Mixed fortunes for Suzuki in Argentina The Suzuki World Rally Team has had a day of mixed fortunes on the opening leg of the Rally Argentina, round four of the World Rally Championship. Young Swede P-G Andersson was forced to retire just four ...
Mixed fortunes for Suzuki in Argentina
The Suzuki World Rally Team has had a day of mixed fortunes on the opening leg of the Rally Argentina, round four of the World Rally Championship. Young Swede P-G Andersson was forced to retire just four kilometres from the opening stage, as a result of a boost pressure sensor failure. By contrast, Toni Gardemeister enjoyed a reliable run to place his SX4 WRC within the point-scoring positions for the bulk of the day. Unfortunately, during the penultimate stage, he could not avoid hitting a rock on the racing line which led to his retirement from the leg.
Conditions on the Rally Argentina were atrocious in the morning, with heavy rain, thick fog and plenty of mud on the road. As more cars passed through the stages the surfaces broke up, making life extremely difficult for Gardemeister, who started 10th on the road.
Car news Suzuki SX4 WRC n.11 (Gardemeister), n.12 (Andersson):
Suzuki has never tested in Argentina with the World Rally Car previously, so the opening day was a chance for the team to get to grips with the extremely tricky conditions.
Gardemeister refined some suspension settings at midday service in order to improve the handling on the soft stages, and he lost a bit of time in the morning as a broken exhaust prevented him from hearing his pace notes properly. In the afternoon he felt more confident in slightly better conditions, and climbed to a solid seventh place overall before hitting the rock 10 kilometres into SS8. The impact broke the front suspension, and Toni was not able to complete the stage. Nonetheless, he aims to re-start tomorrow under the Super Rally system, with a 10-minute penalty for not completing two stages. He still retains 14th place overall, and is currently only two and a half minutes off the top 10.
P-G will definitely re-start tomorrow in order to continue Suzuki's all-important testing programme and learn as much as possible about these specialised gravel roads. The faulty sensor a minor but crucial component was rapidly fixed, and his SX4 WRC will be at full health tomorrow.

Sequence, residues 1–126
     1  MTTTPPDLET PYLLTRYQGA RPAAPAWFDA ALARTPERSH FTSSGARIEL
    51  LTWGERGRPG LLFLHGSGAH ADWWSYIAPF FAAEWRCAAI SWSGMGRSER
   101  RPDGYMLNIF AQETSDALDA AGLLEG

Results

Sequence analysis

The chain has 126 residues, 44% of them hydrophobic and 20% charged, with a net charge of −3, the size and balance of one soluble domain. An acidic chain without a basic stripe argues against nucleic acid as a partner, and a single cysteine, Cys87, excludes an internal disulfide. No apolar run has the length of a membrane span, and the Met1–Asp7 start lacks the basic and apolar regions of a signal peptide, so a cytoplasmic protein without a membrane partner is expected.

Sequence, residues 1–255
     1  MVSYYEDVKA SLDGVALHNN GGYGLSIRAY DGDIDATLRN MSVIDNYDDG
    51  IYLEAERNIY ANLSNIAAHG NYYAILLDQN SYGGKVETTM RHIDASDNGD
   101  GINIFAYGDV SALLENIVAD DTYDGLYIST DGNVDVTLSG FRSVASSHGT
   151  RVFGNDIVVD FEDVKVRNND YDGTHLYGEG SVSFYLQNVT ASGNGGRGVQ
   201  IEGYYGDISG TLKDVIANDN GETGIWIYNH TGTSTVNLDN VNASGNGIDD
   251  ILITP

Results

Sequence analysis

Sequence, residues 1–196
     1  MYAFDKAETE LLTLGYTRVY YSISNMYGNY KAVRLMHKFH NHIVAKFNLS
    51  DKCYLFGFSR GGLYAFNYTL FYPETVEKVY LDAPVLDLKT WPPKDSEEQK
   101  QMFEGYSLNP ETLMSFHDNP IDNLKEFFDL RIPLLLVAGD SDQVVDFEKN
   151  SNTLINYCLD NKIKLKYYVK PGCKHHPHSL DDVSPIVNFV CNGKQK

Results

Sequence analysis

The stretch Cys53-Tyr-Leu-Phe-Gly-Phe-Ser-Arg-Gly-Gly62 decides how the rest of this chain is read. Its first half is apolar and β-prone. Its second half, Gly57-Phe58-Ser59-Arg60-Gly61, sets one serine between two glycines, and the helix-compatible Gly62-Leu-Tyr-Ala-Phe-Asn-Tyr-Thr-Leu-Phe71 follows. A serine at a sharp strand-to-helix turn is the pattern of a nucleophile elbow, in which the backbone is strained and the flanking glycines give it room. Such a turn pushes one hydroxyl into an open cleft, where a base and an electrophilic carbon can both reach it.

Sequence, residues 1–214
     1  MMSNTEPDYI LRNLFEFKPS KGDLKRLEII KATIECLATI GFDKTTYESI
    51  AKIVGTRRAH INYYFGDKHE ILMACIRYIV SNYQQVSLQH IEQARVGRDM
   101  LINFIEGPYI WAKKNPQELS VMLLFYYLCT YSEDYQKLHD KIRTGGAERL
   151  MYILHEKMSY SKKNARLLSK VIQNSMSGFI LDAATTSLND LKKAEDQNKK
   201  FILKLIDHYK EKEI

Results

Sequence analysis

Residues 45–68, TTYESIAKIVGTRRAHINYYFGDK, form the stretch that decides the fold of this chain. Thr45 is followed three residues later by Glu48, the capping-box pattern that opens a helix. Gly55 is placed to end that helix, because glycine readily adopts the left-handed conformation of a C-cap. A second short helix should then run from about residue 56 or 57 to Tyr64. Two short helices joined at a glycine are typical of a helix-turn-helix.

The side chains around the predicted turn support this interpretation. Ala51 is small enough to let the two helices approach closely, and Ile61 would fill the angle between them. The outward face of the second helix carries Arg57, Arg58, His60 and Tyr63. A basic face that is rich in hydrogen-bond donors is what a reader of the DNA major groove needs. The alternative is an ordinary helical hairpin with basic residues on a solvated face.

Toni Gardemeister: "Both myself and P-G have actually been very unlucky on this event. In my case I saw a big rock right on the racing line, which is unusual, and I could not help hitting it. Without that problem we would have got to the end of the day safely in seventh, with some good chances of finishing in the top six. Everything is not yet lost though, and we can still come back and achieve something from this event. The conditions today were as difficult as I have ever known them: the surfaces were really slippery and we were struggling for grip all the time. It could be the same again tomorrow, so we have to just try and stay out of trouble and move up the order as best as we can."
P-G Andersson: "Actually what halted us was a very trivial problem, but it meant that we could not do any of the stages today and that was very frustrating. Having said that, I have already drawn a line under today: my rally starts tomorrow. The most important thing now is for me to have time in the car and by the end of the rally I hope we will have achieved that and learned some useful things. It's good that the weather is so bad: it means that we can test the car under extreme conditions."
Nobuhiro Tajima, Suzuki World Rally Team principal: "We knew from the very beginning that this was going to be a tough rally, and this has proved to be the case. Sometimes you learn lessons the hard way. At least now we are hopefully in a position to re-start with both cars tomorrow and continue to increase our knowledge of this event and these very difficult conditions. Toni proved that we had the pace to run comfortably within the points places today under extremely tricky circumstances: now we have to build on this base in order to improve the performance and the reliability. There is still a long way to go, and there are many opportunities ahead of us."